differ from the political rationale of public institutions. In addition to the institutional
impediments to access, factors inhibiting access to informal learning opportunities are
frequently related to the learners themselves. Learners may lack the required skills
(e.g. language or social skills) to make use of opportunities otherwise within reach, or
they may not have the required technical equipment to access certain opportunities
(e.g. the Internet). At the level of the individual access can also be hampered by a lack
of information or by a lack of financial support. This brief and certainly nonexhaustive enumeration of the different facets of the access issue demonstrates why it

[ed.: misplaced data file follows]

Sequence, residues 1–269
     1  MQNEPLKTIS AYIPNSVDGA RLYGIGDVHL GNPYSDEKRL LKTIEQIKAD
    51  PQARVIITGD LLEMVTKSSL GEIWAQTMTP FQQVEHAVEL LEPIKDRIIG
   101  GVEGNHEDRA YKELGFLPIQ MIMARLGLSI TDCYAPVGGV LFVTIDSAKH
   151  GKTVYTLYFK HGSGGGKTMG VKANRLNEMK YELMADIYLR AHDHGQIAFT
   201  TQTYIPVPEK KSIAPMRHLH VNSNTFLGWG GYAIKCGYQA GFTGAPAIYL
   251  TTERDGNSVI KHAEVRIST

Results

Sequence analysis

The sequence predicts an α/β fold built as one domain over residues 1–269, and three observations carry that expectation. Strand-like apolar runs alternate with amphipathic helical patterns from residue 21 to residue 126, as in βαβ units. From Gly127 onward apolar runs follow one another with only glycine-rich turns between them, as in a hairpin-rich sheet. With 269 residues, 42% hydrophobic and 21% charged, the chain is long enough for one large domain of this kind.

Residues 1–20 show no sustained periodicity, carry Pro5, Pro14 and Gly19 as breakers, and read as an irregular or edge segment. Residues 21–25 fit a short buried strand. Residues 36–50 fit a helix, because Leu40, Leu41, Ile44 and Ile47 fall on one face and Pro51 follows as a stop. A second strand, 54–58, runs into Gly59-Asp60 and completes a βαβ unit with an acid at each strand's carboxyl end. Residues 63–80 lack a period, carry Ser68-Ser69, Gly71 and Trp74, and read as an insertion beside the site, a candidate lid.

has not been possible to identify a significant indicator on access, or even a plausible
proxy, for the purpose of this report.
Potential indicators to be developed in this area should pertain to the possibility of
non-traditional students accessing the formal system, to the linkages and pathways
between different learning systems and routes, and to the provision of mechanisms for
accreditation and certification. More attention should also be given to access
indicators in the domain of non-formal education and training and to the development
of meaningful indicators of access to informal learning opportunities. In all cases it is

42

of crucial importance to have time series data at our disposal in order to perform
effective monitoring over time.
Further work is required in order to develop and agree upon policy-relevant indicators
in this field which is so central to lifelong learning.

43

7. Participation in Lifelong Learning